Hey. Hey there. I’ve spent a crushing term with an extra-heavy teaching and advising load, and spent all of my writing time working on papers and grant proposals, because that’s my real job. However it’s now December, I’m done teaching and have mostly caught up on papers, and don’t have another grant proposal due until February. It’s blogging time!
December has traditionally been the time of year that we head to the Christmas tree lot and draw stares as we load up a tree on our bicycle. Our son (11) is now old enough to be feeling some tween awkwardness at the prospect of rolling into the Christmas tree lot on bikes; our daughter (now 7) remains oblivious to all forms of peer pressure. Admittedly both kids express some interest in the question of what it might be like to carry a Christmas tree in car, as they have no memory of ever doing so. However when we arrived and discovered a long line of cars waiting to enter the parking lot (which we breezed past, per usual) our son concluded that our decision to bike was appropriate after all. And despite some unusual indecision from the kids this year about which tree to purchase and some contemplation of the (live) turkeys and rabbits, we still made it in and out of the lot faster than any of the drivers.
In this, our sixth year of hauling a Christmas tree by bike, the people at the lot have gotten used to us and we no longer raise eyebrows. We’ve learned we can roll the bike right up to the tree baler, which makes us popular because it means no one needs to carry the tree anywhere, let alone strap it to a car roof. I know that other families in the neighborhood bike their trees home too; thus far we’ve never met any of them at the lot, though.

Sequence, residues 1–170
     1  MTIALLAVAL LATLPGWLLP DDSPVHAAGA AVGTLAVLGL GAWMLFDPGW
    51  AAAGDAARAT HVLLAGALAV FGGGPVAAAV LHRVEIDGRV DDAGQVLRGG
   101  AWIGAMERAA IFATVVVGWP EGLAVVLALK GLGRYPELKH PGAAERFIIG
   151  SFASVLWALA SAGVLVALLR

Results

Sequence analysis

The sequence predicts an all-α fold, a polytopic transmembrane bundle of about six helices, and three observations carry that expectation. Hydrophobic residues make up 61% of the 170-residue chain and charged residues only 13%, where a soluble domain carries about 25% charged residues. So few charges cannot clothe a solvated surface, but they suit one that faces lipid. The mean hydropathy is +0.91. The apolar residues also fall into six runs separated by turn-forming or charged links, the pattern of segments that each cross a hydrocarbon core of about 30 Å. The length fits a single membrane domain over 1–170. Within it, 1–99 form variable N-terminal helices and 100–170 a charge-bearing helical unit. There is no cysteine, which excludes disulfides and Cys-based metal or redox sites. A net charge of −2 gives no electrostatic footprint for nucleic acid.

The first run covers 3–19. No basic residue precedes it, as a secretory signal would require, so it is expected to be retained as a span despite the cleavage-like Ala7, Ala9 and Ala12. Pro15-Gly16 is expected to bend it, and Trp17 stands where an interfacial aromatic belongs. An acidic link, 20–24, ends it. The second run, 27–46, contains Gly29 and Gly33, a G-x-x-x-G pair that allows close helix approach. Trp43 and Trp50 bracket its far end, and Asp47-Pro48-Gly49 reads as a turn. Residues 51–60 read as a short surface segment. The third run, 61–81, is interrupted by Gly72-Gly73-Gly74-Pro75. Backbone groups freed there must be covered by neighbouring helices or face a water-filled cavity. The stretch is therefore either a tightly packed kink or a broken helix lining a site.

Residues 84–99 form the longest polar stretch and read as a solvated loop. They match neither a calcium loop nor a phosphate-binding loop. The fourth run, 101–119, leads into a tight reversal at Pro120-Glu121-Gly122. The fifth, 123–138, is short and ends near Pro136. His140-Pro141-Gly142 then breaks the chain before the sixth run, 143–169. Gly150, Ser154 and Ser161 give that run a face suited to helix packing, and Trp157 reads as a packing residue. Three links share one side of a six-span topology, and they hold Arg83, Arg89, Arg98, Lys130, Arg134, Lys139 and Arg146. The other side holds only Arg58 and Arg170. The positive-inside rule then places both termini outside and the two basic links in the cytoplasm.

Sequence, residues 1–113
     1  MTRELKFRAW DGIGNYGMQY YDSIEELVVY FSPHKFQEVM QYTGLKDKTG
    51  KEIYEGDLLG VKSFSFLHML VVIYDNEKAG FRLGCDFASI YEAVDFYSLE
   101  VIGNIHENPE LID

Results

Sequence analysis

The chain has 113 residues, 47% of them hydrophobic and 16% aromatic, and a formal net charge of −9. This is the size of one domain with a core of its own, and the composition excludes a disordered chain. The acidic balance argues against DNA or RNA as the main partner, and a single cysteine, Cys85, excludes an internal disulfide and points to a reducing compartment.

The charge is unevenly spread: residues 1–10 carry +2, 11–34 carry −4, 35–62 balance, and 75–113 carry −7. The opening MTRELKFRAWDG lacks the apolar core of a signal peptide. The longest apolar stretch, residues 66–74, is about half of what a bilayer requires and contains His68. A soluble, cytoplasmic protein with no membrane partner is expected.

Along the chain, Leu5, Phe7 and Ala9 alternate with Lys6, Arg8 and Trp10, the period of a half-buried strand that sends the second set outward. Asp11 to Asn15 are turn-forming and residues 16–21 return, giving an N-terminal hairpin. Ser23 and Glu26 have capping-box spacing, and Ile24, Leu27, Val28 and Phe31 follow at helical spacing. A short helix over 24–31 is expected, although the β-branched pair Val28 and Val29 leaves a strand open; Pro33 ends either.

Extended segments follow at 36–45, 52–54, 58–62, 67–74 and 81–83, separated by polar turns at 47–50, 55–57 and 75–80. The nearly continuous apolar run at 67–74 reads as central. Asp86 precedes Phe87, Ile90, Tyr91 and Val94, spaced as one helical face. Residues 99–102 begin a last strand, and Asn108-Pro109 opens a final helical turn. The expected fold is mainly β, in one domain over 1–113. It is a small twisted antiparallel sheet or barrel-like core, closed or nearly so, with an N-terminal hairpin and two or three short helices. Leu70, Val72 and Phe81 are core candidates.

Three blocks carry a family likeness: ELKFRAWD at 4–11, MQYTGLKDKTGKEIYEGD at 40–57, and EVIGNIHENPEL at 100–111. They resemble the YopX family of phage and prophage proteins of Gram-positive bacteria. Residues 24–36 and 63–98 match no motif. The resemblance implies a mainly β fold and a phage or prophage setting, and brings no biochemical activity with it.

We have pretty much settled on the Bullitt as our Christmas tree bike, after some experimentation in earlier years. Front loaders are laughably easy to load; just throw whatever in the bucket. Our tree was taller than we are, so we also used a couple of bungees to ensure it wouldn’t slide out on bumpy pavement. For this reason and many others, the Bullitt remains the most reliable vehicle we have ever owned.
When we first began carrying our tree by bike, it got us a lot of attention. Even last year, we got a bit of hooting and dropped jaws. This year was the first time that no one seemed to think we were doing anything odd, riding bikes around San Francisco with a Christmas tree and two kids. We see more and more families like ours every year. As we rode up to our building, our next door neighbor appeared on his own bike, on his way back from a trip to the grocery store. It was cool. Not everything gets better all the time, but it feels like occasionally, some things do get better.
2 responses to “Christmas tree by bicycle, 6th year in a row”
Yay, end of semester and blogging time! I have good intentions to write a post or two in the next week, which would put us at about even for time between blog posts.
I’m still a “maybe one of these years” on tree-by-bike. We have several very accessible tree lots, but so far, the au natural field cedars from my in-laws’ property keep winning out over the heavily sprayed, conventionally grown offerings from the local lots, despite the cedar tree requiring a car trip.
I was actually at a local nursery that sells Christmas trees, with our longtail, on Thanksgiving weekend this year. I was buying some plants, which raised a few eyebrows, but I really wanted to bungee a tree onto our Hooptie and then see their faces 🙂
I loved reading your post! We also hauled our Christmas trees by the Bullit!
However, as we have the original Canopy mounted, and I didn’t figure out yet on how to remove it, I used our Andersen Shopper to carry it home. It is fun, my daughter in the front, our tree in the back! 🙂
Here’s a pic from Pinterest to illustrate it: